“The underground galleries are an organ of the great city, functioning like an organ of the human body, without seeing the light of day; clean and fresh water, light and heat circulate like the various fluids whose movement and maintenance serves the life of the body; the secretions are taken away mysteriously and don’t disturb the good functioning of the city and without spoiling its beautiful exterior.”

Many European cities copied Haussmann’s street grid and architecture as it very much improved the hygiene and health of the city of Paris. Napoleon III was concerned about Paris’ hygiene and citizens’ rights in the city, which led to Haussmann drastically changing the entire feeling and experience of the city. Haussmann’s ideas were so renowned and appropriate to the city’s rebuild, that his concepts were adopted  by future architects until late 1900s, even after he was dismissed because of opposition from other political parties. The current street plan and appearance of Paris that can be experienced today is thought to be mostly the result of Haussmann’s renovation and his ideas for Paris’ renovation in 1800s.

Baron Haussmann's Urban Development of Paris

Critiques and Other Opinions

There were many critiques of Haussmann’s Paris, particularly political and social issues. It is known that there were a lot of social disruptions during the renovation of Paris. Thousands of people had to relocate where they lost their houses and lands. There was a dramatic increase in rents and economic output at that time and during the Second Empire in Paris. Today, Paris is also currently one of the most expensive cities to live in, but many people think that the economic growth and opportunities in Paris was created by Haussmann’s architecture.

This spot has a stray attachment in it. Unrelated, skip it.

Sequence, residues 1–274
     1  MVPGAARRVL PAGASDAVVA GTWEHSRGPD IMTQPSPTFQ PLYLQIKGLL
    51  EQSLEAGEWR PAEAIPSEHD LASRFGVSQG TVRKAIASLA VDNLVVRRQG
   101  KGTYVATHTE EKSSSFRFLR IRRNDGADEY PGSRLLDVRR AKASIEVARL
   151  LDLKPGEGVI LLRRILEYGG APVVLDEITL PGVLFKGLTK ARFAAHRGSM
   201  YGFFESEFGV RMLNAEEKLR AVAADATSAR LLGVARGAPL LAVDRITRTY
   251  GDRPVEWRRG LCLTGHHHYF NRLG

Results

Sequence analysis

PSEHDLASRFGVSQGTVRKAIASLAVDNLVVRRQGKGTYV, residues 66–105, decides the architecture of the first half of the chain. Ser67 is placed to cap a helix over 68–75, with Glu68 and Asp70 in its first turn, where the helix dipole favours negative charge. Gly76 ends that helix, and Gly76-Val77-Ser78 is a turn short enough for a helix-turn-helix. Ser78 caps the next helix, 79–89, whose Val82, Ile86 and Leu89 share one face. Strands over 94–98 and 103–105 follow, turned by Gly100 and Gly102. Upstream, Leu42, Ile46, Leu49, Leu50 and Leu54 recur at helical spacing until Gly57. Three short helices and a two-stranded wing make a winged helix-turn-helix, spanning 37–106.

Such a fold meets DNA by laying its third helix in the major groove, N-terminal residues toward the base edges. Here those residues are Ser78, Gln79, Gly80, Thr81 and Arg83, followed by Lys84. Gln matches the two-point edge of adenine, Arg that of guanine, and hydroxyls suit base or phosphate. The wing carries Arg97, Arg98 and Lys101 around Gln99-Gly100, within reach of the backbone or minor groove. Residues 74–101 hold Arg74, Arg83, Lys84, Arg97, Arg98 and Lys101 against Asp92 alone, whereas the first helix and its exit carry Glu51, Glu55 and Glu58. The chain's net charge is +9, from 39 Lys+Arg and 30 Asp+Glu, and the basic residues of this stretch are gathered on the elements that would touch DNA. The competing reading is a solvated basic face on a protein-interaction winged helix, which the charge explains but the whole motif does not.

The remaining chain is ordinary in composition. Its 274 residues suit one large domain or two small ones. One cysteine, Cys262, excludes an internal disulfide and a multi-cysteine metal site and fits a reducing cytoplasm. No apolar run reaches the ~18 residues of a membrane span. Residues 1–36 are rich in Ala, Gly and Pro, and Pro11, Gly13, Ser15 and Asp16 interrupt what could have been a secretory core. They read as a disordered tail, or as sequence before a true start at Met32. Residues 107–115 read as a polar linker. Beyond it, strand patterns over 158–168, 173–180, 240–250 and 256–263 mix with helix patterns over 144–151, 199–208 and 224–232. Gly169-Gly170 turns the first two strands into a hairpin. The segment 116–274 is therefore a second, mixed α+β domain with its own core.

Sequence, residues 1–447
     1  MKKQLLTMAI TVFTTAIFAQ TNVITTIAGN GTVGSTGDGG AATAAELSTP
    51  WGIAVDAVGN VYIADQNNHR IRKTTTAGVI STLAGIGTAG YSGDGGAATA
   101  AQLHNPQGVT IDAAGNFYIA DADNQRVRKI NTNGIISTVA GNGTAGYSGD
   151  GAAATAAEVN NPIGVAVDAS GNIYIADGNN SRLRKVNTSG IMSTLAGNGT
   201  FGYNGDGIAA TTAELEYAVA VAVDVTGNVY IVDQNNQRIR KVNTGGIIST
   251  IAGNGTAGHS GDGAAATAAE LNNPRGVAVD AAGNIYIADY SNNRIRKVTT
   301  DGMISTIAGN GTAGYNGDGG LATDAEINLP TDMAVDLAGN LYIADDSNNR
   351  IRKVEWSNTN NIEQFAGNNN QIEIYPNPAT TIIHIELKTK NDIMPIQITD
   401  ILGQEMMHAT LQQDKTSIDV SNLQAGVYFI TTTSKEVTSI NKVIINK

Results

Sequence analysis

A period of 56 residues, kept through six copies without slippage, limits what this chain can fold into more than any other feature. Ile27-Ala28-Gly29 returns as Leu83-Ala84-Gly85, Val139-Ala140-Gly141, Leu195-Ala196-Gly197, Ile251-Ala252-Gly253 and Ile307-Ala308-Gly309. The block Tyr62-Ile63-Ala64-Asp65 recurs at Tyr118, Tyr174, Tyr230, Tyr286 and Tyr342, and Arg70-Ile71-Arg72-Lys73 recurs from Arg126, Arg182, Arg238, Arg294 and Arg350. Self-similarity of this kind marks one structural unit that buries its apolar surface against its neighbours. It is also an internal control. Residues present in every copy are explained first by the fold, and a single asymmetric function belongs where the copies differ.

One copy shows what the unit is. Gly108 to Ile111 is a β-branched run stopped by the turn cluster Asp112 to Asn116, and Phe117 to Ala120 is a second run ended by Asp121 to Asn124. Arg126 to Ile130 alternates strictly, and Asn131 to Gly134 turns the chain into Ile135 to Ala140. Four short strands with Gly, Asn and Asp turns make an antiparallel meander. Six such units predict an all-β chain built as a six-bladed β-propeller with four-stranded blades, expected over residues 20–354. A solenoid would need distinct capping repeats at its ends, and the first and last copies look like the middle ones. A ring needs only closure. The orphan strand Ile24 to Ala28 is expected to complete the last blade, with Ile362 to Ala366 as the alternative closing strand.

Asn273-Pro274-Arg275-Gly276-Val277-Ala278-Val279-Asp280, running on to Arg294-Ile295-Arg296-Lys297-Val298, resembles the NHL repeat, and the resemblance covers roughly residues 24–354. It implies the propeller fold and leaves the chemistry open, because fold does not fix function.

He was critiqued for not providing enough low income housing and for displacing low income people from their homes and businesses. He demolished approximately 19,730 buildings but built more than 30,000 new buildings which were more economically progressive and stable architecture. Haussmann was also blamed for the class centric Paris where the rich and poor areas were divided and there was seclusion and segregation that came with monetary benefit. Haussmann faced many criticisms from political people and parties which led to the downfall of Haussmann’s urban development plans and many wars led to the end of Napoleon III empire.

However, many of his supporters argue that Haussmann’s architecture and renovation of Paris provided far more positive aspects for Paris in comparison to the negative aspects. Overall, his renewal improved the infrastructure and health and wellbeing of the citizens.


In conclusion, Paris’s infrastructure and landscape today is largely the influence of Haussmann’s architecture. Many architects followed his model and many even changed his model to make Paris a central economic hub of France. Many parts of Paris and engagements in Paris have also changed during Haussmann’s times but snippets of his renovation still remains embedded in Paris. The positives and negative effects would be better understood by local Parisians and historians who have studied Paris in depth and locals who experience the city on a daily basis.